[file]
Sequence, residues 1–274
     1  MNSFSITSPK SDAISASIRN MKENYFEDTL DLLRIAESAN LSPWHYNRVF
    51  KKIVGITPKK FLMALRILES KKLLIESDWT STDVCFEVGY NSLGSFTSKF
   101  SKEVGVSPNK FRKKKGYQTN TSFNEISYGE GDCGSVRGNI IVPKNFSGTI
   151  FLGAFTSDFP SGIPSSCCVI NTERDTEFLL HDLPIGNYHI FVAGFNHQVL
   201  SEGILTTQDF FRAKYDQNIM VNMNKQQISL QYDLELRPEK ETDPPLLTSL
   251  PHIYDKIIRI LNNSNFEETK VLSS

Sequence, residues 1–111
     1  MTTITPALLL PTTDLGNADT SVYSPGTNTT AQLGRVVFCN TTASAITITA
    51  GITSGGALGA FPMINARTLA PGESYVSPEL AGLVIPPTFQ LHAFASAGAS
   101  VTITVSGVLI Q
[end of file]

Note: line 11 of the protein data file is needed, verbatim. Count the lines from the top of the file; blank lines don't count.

   101  VTITVSGVLI Q